Sunday, October 29, 2006

I've been avoiding the blog world. Back when I first discovered blogging, the interactivity of it all was mind-blowing, and utterly addictive. Now though, it frightens me. I know, that sounds weird. But you see, I was doing "so well" that everyone began to believe I was strong and... Well, whatever. Now I feel like I've created this persona that I have to live up to. I don't want to post stuff about how utterly devastated I am for fear of letting people down.

But, I promised myself I'd be honest throughout this process, and I know that in reality that's all anyone expects, so here it comes.

First of all, although I've lost 2 children, and I love Alexis as I would any of my children, the truth is, because Nova's life and death are so recent, they are, for the most part, what is effecting me most profoundly right now. That isn't to say that Alexis no longer effects me, she does and always will. Her death reshaped all that I was and am, and it was the post-Alexis Erin that lost her son. Alexis' effect on me is undeniable, but right now, it is Nova that I most often, and most strongly, grieve.

I feel almost guilty saying so, but it's the truth. I've had 5 years to adjust to the fact that Alexis is gone. I'm still having to remind myself daily that Nova will never come home. It is him that I talk to at night, his blankets I still bury my face in, his medicines that still sit in my kitchen, his clothes in boxes. It is him that I still fleetingly (for just a fraction of a second) worry that the children will wake when they get too loud in the hall outside my bedroom, and its his presence (or rather, the lack thereof) that still keeps me from sleeping in my own bed.

And it is him, and how all things relate to him, or my mourning of his death, that are constantly on my mind. So a few days ago when I received a letter from the cemetery where he and his sister are buried, it was to him that my mind turned immediately.

When I opened the envelope, I read about the candlelight memorial service they'll be having this year, as every other year. They light candles (luminaries, in small bags) in your loved one's memory. People gather there to witness the cemetery speckled with wavering lights, dancing memories.

I knew without giving it much thought that I wouldn't be attending. I've only been to the cemetery once since Alexis' burial, and that was for Nova's funeral. I just can't do it. It is oppressively sad there, and I can't do it. But as I looked over the paper again I noticed the date of the ceremony. December 2nd. Nova's birthday. Of course there's no significance in that. I know that, but I can't help but feel differently. I've been fighting back the tears since I got that letter, sadly grateful tears - grateful because somehow it just feels right that this should be held on his birthday. As if the universe is acknowledging the impact of his life, the importance. It's like rain at a funeral, oddly appropriate.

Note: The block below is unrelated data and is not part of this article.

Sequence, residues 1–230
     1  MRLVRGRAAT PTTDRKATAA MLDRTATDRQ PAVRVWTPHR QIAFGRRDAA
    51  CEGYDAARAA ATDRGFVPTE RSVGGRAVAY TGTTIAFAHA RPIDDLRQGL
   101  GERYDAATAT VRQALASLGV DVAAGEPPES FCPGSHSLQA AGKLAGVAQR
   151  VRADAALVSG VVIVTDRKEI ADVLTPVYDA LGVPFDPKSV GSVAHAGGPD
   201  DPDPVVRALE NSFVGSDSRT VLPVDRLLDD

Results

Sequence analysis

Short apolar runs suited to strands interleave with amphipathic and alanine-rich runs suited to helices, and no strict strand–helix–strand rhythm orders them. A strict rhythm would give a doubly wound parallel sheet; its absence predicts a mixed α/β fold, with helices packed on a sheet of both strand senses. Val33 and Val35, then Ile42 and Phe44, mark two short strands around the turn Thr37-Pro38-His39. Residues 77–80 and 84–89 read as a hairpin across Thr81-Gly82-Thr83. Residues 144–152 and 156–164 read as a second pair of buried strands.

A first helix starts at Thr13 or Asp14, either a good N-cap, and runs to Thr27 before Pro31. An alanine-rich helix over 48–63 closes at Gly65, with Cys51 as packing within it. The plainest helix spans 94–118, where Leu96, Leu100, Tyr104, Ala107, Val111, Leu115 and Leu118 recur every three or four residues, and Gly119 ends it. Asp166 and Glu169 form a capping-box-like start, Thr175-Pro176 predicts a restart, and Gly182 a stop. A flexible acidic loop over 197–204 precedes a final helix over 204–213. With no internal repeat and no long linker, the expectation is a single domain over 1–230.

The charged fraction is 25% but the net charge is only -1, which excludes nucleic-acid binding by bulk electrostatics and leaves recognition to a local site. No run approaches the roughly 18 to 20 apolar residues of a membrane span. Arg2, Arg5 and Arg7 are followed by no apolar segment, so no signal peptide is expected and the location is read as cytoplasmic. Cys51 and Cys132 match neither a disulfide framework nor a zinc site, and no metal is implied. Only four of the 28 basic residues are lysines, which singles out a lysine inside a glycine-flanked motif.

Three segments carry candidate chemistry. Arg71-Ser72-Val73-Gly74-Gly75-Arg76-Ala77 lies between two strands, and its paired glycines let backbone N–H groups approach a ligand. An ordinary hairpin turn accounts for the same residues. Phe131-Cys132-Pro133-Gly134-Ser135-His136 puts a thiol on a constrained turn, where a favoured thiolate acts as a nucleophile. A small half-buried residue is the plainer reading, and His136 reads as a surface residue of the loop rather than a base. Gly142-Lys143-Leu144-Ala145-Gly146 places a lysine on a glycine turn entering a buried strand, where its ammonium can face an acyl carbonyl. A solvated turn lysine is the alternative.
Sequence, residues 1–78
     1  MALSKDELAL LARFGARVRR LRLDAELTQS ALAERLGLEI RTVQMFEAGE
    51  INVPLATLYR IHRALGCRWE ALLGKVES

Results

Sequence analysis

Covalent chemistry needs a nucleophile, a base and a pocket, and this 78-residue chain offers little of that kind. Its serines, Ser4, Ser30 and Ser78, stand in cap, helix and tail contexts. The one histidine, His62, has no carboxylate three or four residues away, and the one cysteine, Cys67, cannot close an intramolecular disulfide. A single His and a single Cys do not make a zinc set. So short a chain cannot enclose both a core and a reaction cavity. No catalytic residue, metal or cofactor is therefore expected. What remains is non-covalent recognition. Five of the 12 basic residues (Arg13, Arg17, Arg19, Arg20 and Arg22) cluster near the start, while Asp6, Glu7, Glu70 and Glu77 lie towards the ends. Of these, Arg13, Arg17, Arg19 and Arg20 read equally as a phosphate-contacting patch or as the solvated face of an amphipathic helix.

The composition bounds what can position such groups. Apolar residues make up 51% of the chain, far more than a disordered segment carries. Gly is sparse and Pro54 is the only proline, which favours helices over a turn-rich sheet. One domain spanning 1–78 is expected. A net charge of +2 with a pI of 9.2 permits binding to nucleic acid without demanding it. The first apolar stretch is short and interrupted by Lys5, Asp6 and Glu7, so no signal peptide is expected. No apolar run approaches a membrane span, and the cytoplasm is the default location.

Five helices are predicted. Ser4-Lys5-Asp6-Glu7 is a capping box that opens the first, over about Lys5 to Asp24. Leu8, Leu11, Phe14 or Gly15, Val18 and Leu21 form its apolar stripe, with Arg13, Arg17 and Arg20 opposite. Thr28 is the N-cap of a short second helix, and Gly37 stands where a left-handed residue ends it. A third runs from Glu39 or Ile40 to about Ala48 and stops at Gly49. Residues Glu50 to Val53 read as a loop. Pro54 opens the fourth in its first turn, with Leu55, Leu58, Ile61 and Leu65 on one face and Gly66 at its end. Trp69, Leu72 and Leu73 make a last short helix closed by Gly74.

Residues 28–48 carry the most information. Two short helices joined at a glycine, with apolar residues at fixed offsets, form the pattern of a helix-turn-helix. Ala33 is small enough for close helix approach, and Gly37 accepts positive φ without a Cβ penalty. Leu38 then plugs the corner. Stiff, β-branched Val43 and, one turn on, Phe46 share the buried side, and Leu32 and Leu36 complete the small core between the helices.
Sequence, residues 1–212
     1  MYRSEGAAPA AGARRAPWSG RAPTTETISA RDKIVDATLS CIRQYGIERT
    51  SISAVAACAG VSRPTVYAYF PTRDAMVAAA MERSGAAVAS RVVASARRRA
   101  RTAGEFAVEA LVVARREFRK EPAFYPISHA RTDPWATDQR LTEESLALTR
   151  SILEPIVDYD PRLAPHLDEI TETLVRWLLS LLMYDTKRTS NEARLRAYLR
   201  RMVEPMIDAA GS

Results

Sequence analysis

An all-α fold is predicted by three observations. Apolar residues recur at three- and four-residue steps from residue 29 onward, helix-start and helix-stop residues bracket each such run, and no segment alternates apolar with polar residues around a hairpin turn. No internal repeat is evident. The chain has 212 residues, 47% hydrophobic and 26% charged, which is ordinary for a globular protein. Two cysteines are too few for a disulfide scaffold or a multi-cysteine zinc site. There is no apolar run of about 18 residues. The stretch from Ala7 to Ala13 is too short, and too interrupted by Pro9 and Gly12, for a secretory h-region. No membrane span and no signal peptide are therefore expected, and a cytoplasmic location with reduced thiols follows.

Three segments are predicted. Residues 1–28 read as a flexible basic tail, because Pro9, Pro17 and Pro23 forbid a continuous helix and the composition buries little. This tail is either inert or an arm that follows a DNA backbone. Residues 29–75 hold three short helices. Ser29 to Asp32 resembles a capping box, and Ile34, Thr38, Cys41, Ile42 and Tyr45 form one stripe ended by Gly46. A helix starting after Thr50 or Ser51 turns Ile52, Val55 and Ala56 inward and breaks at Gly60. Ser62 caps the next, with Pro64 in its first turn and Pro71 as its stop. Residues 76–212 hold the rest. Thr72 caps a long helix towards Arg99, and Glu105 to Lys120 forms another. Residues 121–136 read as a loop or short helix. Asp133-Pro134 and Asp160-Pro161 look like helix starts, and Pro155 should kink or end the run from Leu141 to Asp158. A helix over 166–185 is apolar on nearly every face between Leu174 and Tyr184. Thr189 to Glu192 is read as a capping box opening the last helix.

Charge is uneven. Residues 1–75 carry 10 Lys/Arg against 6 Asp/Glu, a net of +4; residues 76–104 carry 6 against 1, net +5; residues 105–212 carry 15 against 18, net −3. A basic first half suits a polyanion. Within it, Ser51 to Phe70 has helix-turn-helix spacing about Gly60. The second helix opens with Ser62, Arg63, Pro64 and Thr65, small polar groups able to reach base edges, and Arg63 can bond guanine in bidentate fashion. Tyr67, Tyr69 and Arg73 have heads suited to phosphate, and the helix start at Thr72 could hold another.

But more immediately than that is Halloween. Last night we went shopping, the other kids needed their costumes, so it was unavoidable. But I dreaded the going, the rifling through a million costumes. I feared it too - feared seeing the baby costumes that would remind me of the outfit I wasn't buying. You know, the little peapod, the red chili pepper costume, the cowboy in a size 12mo. The ones I'd have oohed and aahed over for Nova's first Halloween.

Everything is a reminder.

I remember the anger after Alexis died. I remember the way it held desperation at bay, and the way that, eventually, it devoured me. After Nova died, I promised myself that I wouldn't succumb to the anger. But now I wish for the anger. Mad is easier than numb.

posted by Erin @ 5:39 PM   3 comments

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Donovan "Nova" LeClair

Monroe, North Carolina
Nova was our second child to be born with congenital heart defects. We lost our daughter at 12 days after open heart surgery in 2001. Nova was born 12/2/05, with Pulmonary Atresia with VSD. He lived 6 weeks after surgery, and passed away on April 6th, 2006. This blog is his story, and the on-going story of how our family is dealing with the loss of our beautiful boy.
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